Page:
The load cell according to one aspect of the invention provides several possible advantages. The arcuate apertures in the load cell provide an amplification of the deformation. By placing a strain gauge in an arcuate aperture on the load cell, the resulting electrical signal caused by deformation will be much larger and, therefore, less affected by noise, contact resistance between the load cell and the signal processing circuitry, and contact impedance between the load cell and the signal processing circuitry. Further, the mechanical amplification of the deformation enables the detection of small changes in the deformation of the load cell. For example, in a drilling application, the load cell according to this aspect of the invention is sensitive to small changes in the WOB.

Another possible advantage is the elimination of bending loads from the weight measurement. For example, in drilling applications, the drill collar can experience side loads that cause the drill string to bend. Use of two properly positioned load cells eliminates the effect of bending on the WOB measurement.

The load cell according to another aspect of the invention provides other possible advantages. By including integrated electronics, for example on a circuit board included with the load cell, the calibration data for the load cell can be stored in a non-volatile memory unit included in the electronics. When a load cell in a structural member, for example a drill collar in drilling operations, is replaced, the replacement load cell has calibration data included in the integrated electronics. This eliminates the need to calibrate load cells every time they are replaced. Further, the integrated electronics can include signal processing equipment. A reference voltage supply included in the integrated electronics provides a more stable reference voltage to the sensors, thereby enabling a more accurate measurement. The proximity of the reference voltage to the sensors also reduces the noise in the circuit. An amplifier included in the integrated electronics amplifies the measurement signals near the source, thereby increasing the signal-to-noise ratio. A voltage-to-current converter included in the integrated electronics can convert the measurement voltage signals to equivalent electric currents that are not susceptible to signal path resistance.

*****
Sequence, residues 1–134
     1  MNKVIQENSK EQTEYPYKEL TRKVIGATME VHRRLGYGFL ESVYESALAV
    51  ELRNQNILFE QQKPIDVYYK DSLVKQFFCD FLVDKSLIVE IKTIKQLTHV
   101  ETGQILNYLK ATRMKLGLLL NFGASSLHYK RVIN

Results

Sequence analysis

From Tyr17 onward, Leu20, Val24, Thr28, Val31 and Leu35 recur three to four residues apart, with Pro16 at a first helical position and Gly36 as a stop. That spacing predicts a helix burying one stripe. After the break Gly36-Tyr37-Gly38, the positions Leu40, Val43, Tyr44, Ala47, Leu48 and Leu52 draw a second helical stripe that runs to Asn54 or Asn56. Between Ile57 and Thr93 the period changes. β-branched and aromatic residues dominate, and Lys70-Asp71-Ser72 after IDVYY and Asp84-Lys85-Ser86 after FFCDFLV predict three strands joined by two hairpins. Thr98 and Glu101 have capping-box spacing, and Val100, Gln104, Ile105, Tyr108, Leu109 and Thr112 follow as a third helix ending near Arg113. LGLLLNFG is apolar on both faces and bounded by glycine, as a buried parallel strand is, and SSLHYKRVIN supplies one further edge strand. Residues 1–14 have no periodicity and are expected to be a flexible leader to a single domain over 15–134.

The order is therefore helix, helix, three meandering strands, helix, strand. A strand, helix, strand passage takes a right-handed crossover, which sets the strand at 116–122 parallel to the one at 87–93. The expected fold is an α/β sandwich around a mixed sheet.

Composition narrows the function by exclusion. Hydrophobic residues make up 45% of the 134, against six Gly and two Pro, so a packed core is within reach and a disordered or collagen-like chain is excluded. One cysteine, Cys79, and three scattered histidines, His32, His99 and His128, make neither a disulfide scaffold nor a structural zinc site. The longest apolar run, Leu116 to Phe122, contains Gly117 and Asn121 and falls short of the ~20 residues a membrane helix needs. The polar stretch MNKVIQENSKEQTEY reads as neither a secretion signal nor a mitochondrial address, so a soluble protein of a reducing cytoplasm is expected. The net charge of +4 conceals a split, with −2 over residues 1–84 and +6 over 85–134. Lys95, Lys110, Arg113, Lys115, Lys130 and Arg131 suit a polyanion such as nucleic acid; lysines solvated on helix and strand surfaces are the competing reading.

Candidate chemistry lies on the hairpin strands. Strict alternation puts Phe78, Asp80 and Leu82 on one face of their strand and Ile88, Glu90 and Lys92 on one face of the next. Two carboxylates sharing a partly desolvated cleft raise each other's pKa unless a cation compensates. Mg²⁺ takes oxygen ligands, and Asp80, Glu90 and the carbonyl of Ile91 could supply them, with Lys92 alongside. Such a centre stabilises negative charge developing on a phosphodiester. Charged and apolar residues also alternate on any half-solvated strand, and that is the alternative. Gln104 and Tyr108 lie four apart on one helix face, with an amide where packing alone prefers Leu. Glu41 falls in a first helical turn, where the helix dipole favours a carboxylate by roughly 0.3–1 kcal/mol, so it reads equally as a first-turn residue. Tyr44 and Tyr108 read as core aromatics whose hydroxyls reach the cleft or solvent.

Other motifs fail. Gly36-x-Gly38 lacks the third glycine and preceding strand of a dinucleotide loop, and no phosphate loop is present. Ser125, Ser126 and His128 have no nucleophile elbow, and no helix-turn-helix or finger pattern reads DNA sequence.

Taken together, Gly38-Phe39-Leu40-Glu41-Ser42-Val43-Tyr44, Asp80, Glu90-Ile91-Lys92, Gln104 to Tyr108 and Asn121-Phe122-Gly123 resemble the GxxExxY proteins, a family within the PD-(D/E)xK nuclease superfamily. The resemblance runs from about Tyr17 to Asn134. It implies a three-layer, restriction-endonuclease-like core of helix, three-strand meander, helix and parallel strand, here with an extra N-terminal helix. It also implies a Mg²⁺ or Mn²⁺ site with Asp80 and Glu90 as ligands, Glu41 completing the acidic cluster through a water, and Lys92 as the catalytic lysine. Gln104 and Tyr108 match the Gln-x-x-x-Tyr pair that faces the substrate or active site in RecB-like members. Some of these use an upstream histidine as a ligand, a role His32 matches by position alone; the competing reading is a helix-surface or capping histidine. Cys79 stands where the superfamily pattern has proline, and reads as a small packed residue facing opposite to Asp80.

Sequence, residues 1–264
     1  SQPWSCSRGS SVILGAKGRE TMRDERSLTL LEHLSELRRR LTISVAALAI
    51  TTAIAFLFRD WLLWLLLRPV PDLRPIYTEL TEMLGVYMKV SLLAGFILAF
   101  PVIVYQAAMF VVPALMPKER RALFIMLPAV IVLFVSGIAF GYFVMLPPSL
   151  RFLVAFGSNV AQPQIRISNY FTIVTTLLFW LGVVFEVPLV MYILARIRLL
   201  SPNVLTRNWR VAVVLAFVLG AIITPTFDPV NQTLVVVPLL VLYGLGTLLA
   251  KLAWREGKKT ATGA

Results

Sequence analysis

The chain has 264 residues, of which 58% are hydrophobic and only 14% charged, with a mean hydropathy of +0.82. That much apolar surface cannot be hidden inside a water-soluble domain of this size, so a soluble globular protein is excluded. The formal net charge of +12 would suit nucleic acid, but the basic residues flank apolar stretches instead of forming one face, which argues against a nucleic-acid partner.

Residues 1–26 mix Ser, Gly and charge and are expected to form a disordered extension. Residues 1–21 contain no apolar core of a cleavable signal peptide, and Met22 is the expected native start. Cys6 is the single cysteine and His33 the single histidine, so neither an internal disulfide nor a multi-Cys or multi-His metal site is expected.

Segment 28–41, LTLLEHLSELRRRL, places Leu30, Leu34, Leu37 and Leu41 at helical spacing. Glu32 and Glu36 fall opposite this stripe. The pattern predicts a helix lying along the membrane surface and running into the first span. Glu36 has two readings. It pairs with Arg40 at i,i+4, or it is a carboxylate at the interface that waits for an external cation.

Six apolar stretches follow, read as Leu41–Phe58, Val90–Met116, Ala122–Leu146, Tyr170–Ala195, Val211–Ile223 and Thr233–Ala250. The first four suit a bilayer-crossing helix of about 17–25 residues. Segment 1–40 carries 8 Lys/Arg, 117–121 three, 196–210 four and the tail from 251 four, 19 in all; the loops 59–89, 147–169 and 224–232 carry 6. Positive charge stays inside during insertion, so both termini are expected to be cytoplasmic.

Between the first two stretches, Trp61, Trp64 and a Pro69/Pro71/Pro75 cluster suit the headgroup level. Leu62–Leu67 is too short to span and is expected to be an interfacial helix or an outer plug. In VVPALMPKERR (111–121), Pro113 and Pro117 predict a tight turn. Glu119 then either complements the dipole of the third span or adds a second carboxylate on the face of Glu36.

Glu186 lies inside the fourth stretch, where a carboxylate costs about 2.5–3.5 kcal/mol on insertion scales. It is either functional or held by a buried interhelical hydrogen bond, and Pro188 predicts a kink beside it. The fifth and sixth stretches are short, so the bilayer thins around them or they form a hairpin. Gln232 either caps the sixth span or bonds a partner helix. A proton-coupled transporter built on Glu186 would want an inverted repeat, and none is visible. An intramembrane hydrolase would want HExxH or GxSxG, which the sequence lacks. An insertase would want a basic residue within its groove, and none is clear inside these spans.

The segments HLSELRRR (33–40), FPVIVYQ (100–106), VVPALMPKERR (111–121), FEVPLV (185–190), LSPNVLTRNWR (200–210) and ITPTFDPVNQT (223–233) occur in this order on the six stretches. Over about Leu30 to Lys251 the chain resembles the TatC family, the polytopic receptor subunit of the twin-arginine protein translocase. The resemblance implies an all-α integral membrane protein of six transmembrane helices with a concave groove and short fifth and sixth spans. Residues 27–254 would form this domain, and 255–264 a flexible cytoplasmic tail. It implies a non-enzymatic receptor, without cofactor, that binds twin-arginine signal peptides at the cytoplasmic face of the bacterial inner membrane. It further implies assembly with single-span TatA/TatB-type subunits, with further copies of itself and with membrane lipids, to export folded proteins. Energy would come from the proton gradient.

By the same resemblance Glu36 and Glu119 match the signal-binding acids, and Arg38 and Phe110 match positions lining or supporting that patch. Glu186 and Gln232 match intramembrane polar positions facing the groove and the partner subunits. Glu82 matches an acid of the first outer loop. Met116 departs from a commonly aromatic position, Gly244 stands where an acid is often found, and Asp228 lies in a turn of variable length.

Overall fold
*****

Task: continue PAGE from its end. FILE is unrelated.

While the invention has been described with respect to a limited number of embodiments, those skilled in the art, having benefit of this disclosure, will appreciate that other embodiments can be devised which do not depart from the scope of the invention as disclosed herein. Accordingly, the scope of the invention should be limited only by the attached claims.

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Classifications
U.S. Classification166/250.01, 166/66
International ClassificationE21B47/00, G01L1/22, G01L5/16, G01G19/18
Cooperative ClassificationE21B47/0006, G01G19/18, G01L1/2237, G01L5/161
European ClassificationE21B47/00K, G01L5/16B, G01G19/18, G01L1/22B8B